Much of the noise continued through the first half, but I was really struck by one thing. Even though there was a loud cheer when the ball hit the net, there were very few other reactive noises. If a shot went narrowly wide there no Oooos. There were also no sounds of anticipation, as their team approached the goal. Around me the fans occasionally shouted at the players, but less than I was used to in England. It made me think that the difference in footballing culture might point towards the essence of the famous Premier League atmosphere. Is it the noises of near misses and bad fouls? The spontaneous reactions of the fans?

An Oooo and an Ahhh is effectively an exhilation of breath. It is breathing out, but with a sound. As humans, we often use a voiced breath. When we want to get babies to sleep we say Ssshhhh, which is a slow voiced breath out and encourages them to slow their own breathing to the same pace. When we are talking and we want to signal that we haven’t finished we go ‘errr’, which stops someone jumping in. When we see someone across the street we shout ‘Oi’, which is a loud signal signal to capture attention. These are not words, but grunts. It is the first thing we learn. Crying is a way to capture the attention by making noise through our mouth. If crying was just an expression of emotion, we might do it quietly, but it is also a signal of our feelings voiced for others to hear. Similarly an Oooo or an Ahhhh, no matter how subconscious, is a signal of allegiance, voiced for others to hear.

However, I also think it is more than that. I cheer when West Ham score in a crowd, but also on my own in the kitchen. I am expressing a feeling of euphoria. It is a sudden rush of emotion (in crude terms similar to a male ejaculation). The ultimate pleasure in a football match is the goal, the sudden burst of verbal emotion, and this needs a quick intake of breath to allow the voiced breath out. The Oooos and Ahhhhs also follow a sharp intake of breath but are then a slower release of the breath out, which verbally signals a different emotion (in part disappointment and in part a signal to the other team just how close that was).

There’s something to be said here about ‘presence’ too. I mentioned this earlier when thinking about the fans with their mobile phones at the Barcelona game. They were thinking as much about showing it to others as they were experiencing the moment. I am a lecturer in Performance and so think of presence with regards to the actor. A Russion theatre director of the last century (Meyerhold) wrote that when an animal appears on stage they have more presence than an actor. They are not acting they are just being. There is a lack of self consciouness in animals. They dont think, how is this looking to others? This is something that plagues politicians. Often politicians now don’t appear to have presence (and with it authenticity). They are speaking to different audiences across different media. The problem is that great orators, that can hold a crowd, can seem over blown on the small screen in your living room (Neil Kinnock is an example of this).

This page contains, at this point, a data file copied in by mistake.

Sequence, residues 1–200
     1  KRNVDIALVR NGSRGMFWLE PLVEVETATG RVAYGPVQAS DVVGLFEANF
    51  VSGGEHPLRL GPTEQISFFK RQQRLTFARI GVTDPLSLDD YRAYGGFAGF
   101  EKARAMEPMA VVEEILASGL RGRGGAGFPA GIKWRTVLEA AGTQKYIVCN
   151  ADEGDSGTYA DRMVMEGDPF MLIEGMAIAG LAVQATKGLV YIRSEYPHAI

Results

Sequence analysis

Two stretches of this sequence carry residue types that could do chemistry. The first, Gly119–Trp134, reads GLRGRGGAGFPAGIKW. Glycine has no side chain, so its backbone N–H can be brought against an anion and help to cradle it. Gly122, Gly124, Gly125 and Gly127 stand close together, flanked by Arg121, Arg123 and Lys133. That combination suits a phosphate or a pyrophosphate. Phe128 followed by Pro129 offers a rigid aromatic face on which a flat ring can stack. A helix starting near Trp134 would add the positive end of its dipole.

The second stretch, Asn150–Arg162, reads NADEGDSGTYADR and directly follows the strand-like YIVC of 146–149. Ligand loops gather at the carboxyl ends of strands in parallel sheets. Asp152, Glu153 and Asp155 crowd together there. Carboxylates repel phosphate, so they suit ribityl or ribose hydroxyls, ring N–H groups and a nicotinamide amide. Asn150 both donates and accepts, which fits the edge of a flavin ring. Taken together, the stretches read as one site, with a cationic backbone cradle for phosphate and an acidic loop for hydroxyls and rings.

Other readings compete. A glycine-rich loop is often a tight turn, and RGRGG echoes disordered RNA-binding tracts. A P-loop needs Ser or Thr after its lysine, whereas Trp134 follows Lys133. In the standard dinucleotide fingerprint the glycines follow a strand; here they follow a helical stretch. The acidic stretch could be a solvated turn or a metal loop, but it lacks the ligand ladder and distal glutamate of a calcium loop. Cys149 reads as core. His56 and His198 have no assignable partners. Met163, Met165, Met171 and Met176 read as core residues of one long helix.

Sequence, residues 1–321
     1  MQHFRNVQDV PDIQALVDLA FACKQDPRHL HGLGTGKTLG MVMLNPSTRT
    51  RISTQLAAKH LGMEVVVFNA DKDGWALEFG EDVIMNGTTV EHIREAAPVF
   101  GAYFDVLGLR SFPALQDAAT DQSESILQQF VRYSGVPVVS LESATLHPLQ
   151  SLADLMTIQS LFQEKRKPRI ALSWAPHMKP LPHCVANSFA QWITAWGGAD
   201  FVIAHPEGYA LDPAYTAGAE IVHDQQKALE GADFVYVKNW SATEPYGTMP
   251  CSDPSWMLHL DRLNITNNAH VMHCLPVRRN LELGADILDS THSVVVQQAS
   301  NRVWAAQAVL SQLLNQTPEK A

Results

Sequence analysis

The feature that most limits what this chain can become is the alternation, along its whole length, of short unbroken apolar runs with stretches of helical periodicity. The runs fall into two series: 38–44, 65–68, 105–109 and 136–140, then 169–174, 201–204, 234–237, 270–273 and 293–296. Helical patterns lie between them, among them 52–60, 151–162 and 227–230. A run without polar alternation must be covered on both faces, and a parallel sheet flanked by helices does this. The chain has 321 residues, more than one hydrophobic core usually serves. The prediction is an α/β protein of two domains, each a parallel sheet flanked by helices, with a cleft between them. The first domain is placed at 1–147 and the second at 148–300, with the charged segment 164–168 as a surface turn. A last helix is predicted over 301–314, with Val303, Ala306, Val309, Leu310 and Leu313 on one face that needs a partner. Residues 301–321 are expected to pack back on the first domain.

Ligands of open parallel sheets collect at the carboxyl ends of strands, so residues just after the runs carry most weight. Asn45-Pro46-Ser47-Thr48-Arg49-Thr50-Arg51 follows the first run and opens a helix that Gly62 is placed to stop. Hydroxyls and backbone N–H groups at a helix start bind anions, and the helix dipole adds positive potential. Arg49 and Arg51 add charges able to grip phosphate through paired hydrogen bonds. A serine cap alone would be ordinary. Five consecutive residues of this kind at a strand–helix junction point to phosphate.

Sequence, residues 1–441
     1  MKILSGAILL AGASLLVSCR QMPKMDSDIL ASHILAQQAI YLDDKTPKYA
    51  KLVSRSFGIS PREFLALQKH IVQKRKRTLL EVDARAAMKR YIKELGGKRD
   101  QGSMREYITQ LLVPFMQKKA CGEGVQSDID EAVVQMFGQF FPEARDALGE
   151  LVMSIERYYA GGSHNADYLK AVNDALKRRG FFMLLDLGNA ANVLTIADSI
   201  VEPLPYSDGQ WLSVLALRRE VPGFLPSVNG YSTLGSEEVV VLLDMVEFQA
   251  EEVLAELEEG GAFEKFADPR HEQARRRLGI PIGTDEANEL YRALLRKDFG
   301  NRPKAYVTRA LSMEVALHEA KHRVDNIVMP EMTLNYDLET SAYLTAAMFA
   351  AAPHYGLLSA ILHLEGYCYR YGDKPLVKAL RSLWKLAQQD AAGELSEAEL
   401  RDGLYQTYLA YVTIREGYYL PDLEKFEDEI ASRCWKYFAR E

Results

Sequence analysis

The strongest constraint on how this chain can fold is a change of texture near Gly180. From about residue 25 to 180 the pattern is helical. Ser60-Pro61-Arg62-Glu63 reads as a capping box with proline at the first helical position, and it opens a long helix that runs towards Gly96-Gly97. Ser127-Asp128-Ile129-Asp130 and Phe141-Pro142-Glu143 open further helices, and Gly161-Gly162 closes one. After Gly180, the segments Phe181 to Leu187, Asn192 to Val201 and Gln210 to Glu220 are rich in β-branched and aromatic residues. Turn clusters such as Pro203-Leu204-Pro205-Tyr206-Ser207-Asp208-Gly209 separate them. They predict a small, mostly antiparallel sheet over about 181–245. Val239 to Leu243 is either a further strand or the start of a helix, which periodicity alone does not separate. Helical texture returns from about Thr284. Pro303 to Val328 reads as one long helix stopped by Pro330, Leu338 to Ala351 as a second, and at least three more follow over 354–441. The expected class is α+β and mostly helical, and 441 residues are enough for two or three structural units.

Presence is something that is considered in mindfulness and meditation too. In these practices there is a focus on breath. The simple act of breathing in and out, it is argued, helps us to deal with stress and negative emotions and sharpens our ability to concentrate. It also roots us in the here and now. In the present moment.

So, I love watching football because it allows me to express emotion. It also allows me to do this out loud. It allows me to get my heart pumping and to express pleasure and disappointment. It literally allows me to express my emotions. I also love football because I can observe that emotion around me and take pleasure in the sharing of this. I don’t know why the Portuguese football fans are not ‘on the edge of their seats’ as much as we are, waiting and anticipating a goal. I am only interested here in observing their behaviour as a way of illuminating our own.

I also love football grounds because they are temples of emotion where week after week the noises of euphoria and disappointment have echoed around the stands. I am a willing participant in these rituals, voicing and acknowledging, with others, my presence. Together we are saying… “Can you hear? I am here. I am breathing. I am alive!”

Club or Country?

Harry Kane scores a penalty for England in the world cup in Russia

I enjoyed the world cup. It was good to feel some connection with the national side. For the first tournament in a while, they played with enthusiasm and joy. They were ordinary young men, who played Fortnite, went swimming with blow up unicorns and played keepy-uppy with their socks. Supporting England became a pleasure again and not an embarrassment. I was happy to join in the enthusiasm and to go to big public outdoor screenings (and some in an old cinema) with my family. However, there was one big disappointment (other than being eliminated in the semi final) and that was that there were no West Ham players in the squad. Worse still the team was full of Tottenham players. So as I cheered Harry Kane’s goals and wished for him to lead us to victory in the final, I was also thinking “please God, don’t let him score a hat-trick in the final”, as that would have been unbearable.